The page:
You’re always in my prayers. Thank you again for the inspiring and honest work you’re doing. It does not go unnoticed.

  4. A long time ago, in a galaxy far, far away (Chicago, IL, actually), I memorised the Baltimore Catechism. The only thing I remember from that ancient time is this: A sacrament is an outward sign, instituted by God, that gives Grace (more or less verbatim). I grew-up with seven sacraments, none of which are listed in your article above. I wrote about this in an essay on my blog (http://www.aoibhinngrainne.com/2009/06/eukharisteo-giving-thanks.html) as it relates to Communion.

    Using what I learnt in school lo! those many years ago seems to me a pretty good rule of thumb: does the sermon grant us Grace? the singing? the sound system? the altar call?

    Perhaps some of these things do. But were they instituted by God? Were they part of the Church from time immemorial? Were they believed/taught always, everywhere, by all?

    Maybe. Mmmm…Doubtful.

    Sacraments do not and never have moved with the culture. They stand alone, inviting the culture to move with them as touchstones; foundational pillars by which we gain the grace and strength within whatever culture we find ourselves (Rome, Canterbury, Nashvegas):

    baptism…reconciliation…communion…confirmation…marriage…holy orders…prayers for the sick…

    The hallmarks of life, marked by the love of God, the mercy of God, the Grace of God, each step of the way.

    Why do we forget? Why do we squander these opportunities?

    I feel another essay coming on. Thanks, iMonk.

    • I just wanted to say that I liked this comment that you made:
      “Sacraments do not and never have moved with the culture. They stand alone, inviting the culture to move with them as touchstones; foundational pillars by which we gain the grace and strength within whatever culture we find ourselves (Rome, Canterbury, Nashvegas)”

      Growing up evangelical, but attending an Anglican church in Jerusalem for a year, I realized that one thing I appreciated about the liturgy of the service was that no matter who was leading, I knew that we as the Body of Christ would continue to affirm these time-immemorial truths.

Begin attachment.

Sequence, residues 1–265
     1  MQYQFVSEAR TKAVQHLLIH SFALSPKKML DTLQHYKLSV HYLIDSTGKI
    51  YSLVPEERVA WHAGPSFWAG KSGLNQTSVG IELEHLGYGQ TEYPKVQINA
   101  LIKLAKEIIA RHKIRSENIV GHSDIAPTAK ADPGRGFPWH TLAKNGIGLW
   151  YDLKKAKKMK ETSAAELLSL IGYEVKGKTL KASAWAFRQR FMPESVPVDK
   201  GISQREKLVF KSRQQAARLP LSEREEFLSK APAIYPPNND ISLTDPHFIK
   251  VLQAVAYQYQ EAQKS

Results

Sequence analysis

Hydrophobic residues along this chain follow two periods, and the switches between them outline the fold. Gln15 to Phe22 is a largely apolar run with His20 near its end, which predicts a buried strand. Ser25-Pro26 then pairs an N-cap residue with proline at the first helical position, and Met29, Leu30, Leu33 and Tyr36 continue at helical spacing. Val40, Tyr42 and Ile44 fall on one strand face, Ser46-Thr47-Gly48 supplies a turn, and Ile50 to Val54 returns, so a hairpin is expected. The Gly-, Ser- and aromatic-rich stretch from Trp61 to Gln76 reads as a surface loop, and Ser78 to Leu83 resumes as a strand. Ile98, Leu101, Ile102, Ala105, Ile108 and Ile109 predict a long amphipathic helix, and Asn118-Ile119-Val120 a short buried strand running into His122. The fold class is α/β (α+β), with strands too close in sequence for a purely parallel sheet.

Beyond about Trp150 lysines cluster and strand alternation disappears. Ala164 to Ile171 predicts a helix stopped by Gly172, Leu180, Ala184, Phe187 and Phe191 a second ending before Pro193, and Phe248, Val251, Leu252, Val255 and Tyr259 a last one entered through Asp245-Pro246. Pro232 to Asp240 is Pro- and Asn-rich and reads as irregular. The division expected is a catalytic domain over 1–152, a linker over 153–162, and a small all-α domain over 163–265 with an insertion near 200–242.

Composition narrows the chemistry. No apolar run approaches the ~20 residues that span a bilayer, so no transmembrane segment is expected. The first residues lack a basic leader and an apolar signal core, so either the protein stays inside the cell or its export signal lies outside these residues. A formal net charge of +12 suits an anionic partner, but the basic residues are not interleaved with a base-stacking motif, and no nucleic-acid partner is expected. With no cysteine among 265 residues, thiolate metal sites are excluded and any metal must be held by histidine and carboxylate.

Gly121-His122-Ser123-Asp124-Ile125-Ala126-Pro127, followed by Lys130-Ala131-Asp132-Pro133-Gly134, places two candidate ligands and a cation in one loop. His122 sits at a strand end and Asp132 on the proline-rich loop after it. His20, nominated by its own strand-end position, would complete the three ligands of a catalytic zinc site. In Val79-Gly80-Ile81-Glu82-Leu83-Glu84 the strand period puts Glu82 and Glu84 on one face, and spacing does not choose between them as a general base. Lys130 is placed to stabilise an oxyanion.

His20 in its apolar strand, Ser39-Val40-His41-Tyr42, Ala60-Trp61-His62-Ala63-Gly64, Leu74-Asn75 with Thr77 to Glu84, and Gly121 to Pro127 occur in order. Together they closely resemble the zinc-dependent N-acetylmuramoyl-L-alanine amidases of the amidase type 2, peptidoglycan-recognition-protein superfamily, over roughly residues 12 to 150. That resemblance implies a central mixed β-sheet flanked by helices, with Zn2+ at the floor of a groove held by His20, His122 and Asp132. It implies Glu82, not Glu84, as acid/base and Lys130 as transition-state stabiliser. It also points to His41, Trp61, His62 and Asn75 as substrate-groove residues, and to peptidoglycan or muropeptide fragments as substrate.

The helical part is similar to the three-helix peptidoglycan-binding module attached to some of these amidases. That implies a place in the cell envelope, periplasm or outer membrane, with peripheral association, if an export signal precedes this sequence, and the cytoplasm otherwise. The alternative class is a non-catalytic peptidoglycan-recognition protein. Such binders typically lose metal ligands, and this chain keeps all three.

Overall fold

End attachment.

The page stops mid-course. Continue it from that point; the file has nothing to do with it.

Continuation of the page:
Despite what they may think, every church has a liturgy (order of service), but in evangelical churches those “liturgies” change with whoever is leading, so it’s as if the pastor himself and perhaps his leadership team determines in some way what is important to the rest of us.

      But with that Anglican liturgy, I realized that rather than submitting to the ordered priorities of the leader, we were submitting to the true authority of God, reaffirming what the Body has received through Scripture, and realigning our hearts and minds to God’s priorities. The Communion service wasn’t just a fancy or emotion-oriented thing, but rather a remembering and recommitting ourselves to Jesus. Like you said about certain sacraments, the Truth doesn’t move with our constantly shifting culture or leadership, but rather remains true now and forever.

  5. “Again, read some Lutherans, Anglicans and Catholics.” What about the Orthodox?

    • I am completely unfamiliar with the orthodox.

      • Christiane/L's says

        Hi Michael,

        I am a Catholic who loves the Orthodox saints.
        If you want to read some of them to get a ‘flavor’ of the Orthodox, try
        St. Tikhon of Voronezh and also St. Seraphim.

        The Orthodox are more in the ‘eastern tradition’ of Christianity and are not as
        influenced by classical western thought as much. There is a mysticism in Orthodox
        Prayers that is beautifully evocative of the Mystery of Christ.

      • Christiane/L's says

        Michael, here is an example of the Orthodox way of praying, which, as a Catholic, I can appreciate:

        “From the Eastern Christian tradition, comes this teaching:

        “Our Lord cries to us in the depths of our hearts,
        “Awake 0 sleeper, rise up from among the dead, and Christ will illumine you”.

        “And you shall be as I fashioned you, a child of light capable of great compassion and love. And then I will awaken within you my Holy Spirit. You will know the profound love without limits I have for you.

        And your flow of tears will witness to the melting of frozen places within you. The softening of your tear stained face will be an invitation for me to take up my abode in your heart. I will remove from you all harsh judgement”

  6. evangelical roots that were far more friendly to the sacraments than we are.

    I’ve gathered that, reading something like Vos’s commentary.

  7. iMonk,

    this is an area I have been confused about for a while now, and while your post above helps, I think I need something more detailed. Can you recommend a book that you feel treats this topic fairly and can help clear this up in detail for me? I can’t afford a lot of books, so one really good book would be preferred over several recommendations (not always possible, I know).

    • I’m no expert, but you might want to look at some titles from Robert Webber. I believe these issues were his life’s work, and he is very broadly and deeply appreciated.

    • CantateDomino says

      How about a web version of Luther’s Small Catechism?

      http://www.bookofconcord.org/smallcatechism.php

      I would suggest you skip the introduction until you’ve read through the rest of the catechism at least once. It’s mostly discussion of the historical context in which Luther found the need to set down sound, biblical doctrine in a short and easy form – “As the head of the family should teach them in a simple way to his household.”